We often advise companies in how to best fund growth. This begins with cash flow forecasting, which enables management to predict potential rises and falls in available cash over a period of time.
Without such tool, you will be flying by the seat of your pants with empty pockets.
Nothing is more important in financial management than a cash flow forecast, but too often it is confused with a profit-and-loss budget. It’s best to illustrate this by example.
Forecasting cash flows
I’ll use a real estate company in this example. The company owns twenty real estate properties, each one of which is owned by a single-purpose entity.
Step One: Our cash flow analysis began with the monthly P&L budget for each property, excluding non-cash items like depreciation and amortization.
Step Two: We then added expected changes in the balance sheet accounts, such as changes in payables and receivables, whether we were paying down debt (use of cash) or borrowing money (source of cash), and capital expenditures like tenant and building improvements. How fast your receivables, inventory and payables turn over, the amount of capital expenditures you need to make, and expected borrowing or debt repayments all factor into computing changes in the other balance sheet accounts.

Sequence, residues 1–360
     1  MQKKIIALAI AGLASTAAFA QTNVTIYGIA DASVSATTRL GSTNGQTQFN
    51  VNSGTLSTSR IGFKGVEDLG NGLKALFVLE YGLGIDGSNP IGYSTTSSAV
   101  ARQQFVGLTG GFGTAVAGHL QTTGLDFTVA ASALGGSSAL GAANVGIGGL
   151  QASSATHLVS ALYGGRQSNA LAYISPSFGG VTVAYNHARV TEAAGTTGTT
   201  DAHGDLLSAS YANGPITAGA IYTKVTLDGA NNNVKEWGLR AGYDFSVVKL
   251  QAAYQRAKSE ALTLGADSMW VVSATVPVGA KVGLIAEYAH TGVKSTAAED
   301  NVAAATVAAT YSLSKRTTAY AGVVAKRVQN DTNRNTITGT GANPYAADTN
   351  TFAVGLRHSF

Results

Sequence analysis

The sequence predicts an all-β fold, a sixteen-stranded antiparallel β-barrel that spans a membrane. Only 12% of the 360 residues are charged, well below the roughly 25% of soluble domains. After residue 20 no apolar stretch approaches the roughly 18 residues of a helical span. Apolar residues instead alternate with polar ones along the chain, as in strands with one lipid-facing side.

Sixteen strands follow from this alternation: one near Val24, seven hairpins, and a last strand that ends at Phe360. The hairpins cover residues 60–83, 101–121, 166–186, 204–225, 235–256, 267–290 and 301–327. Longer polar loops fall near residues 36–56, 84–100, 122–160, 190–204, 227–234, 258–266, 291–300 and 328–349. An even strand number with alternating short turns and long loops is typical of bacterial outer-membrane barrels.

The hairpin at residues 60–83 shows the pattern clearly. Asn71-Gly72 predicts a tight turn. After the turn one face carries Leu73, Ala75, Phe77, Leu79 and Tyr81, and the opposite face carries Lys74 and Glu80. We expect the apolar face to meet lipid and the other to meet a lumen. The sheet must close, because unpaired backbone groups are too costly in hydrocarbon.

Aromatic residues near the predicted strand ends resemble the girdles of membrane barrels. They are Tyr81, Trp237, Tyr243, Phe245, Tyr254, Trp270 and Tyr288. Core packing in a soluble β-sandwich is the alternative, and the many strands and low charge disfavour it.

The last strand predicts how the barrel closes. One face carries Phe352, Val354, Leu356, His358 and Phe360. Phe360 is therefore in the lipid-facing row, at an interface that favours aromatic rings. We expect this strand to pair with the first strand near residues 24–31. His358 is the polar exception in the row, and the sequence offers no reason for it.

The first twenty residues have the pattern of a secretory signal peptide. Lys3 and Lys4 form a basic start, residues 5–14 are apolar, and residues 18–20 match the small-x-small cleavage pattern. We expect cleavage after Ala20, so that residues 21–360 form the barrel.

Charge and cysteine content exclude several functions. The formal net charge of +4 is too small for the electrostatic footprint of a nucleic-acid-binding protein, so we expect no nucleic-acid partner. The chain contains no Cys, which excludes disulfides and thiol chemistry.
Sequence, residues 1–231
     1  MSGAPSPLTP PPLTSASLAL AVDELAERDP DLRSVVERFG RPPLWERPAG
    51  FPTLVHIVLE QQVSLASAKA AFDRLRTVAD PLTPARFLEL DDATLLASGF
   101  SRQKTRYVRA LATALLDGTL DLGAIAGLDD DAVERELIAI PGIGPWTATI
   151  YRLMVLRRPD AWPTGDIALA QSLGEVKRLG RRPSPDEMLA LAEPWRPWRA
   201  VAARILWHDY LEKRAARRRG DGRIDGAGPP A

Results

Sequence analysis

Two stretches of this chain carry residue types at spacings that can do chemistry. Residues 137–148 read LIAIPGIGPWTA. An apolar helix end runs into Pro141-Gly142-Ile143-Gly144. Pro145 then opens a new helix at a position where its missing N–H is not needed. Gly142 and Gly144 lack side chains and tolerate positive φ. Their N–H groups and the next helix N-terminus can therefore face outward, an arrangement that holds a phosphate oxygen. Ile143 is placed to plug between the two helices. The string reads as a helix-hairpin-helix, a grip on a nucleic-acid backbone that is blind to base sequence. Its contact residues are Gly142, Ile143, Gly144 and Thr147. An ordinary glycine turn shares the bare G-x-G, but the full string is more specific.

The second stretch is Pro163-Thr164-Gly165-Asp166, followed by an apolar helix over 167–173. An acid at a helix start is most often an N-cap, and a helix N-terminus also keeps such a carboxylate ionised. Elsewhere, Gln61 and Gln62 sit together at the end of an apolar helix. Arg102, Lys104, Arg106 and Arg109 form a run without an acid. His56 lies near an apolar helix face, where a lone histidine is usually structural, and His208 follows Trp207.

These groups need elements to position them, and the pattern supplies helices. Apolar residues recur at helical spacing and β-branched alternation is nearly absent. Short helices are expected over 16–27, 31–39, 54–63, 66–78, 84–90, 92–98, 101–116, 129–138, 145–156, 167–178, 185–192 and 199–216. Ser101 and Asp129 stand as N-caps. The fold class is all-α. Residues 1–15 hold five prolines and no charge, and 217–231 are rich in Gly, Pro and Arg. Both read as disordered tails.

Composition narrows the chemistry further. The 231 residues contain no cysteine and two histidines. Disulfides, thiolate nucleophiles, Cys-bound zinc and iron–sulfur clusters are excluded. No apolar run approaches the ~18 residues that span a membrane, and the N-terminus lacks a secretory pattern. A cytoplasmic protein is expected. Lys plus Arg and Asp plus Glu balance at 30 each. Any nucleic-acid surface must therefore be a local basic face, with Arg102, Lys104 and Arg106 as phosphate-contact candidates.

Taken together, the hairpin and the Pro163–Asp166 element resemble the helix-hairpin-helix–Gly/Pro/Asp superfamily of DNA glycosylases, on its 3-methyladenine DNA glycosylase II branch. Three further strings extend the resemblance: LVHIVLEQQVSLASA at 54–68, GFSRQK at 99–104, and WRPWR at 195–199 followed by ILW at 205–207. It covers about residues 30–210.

Step Three: We timed each balance sheet change into the months we thought they would occur and tweaked the timing for P&L items too. We did this for a rolling twelve months, which enabled us to see both near- and long-term.
Cash flows are derived from the P&L and balance sheet working together
Cash flow forecasting is both art and science. When a business owns multiple properties or divisions the task is exponentially more complex, but as illustrated here, it can be done. Too many businesses don’t understand the interdependence of the P&L with the balance sheet in determining cash flow.
A good cash flow forecast will calculate monthly cash flows over the next 12 months. Such cash flow is the expected change in cash balances between the beginning and end of the period, which depends on changes in all the other balance sheet accounts, of which the P&L is one, when it posts to Equity. How fast your receivables, inventory and payables turn over, the amount of capital expenditures you need to make, and how much borrowing or debt you must repay all factor into computing changes in the other balance sheet accounts.
A proper cash flow projection wins the day
While a big contract can be cause for celebration in the executive suite, without proper cash flow analysis, management may find itself struggling to make fulfill such a contract. And when applying for debt or equity financing, this analysis is a must. Without it, how do you size your capital request? This single analysis impresses lenders and investors more than anything else you understand your business.
If your organization doesn’t have the expertise to do this projection well, reach out to a qualified professional who can get it done efficiently, preferably someone who has done this for many businesses and probably already has the template to use on yours.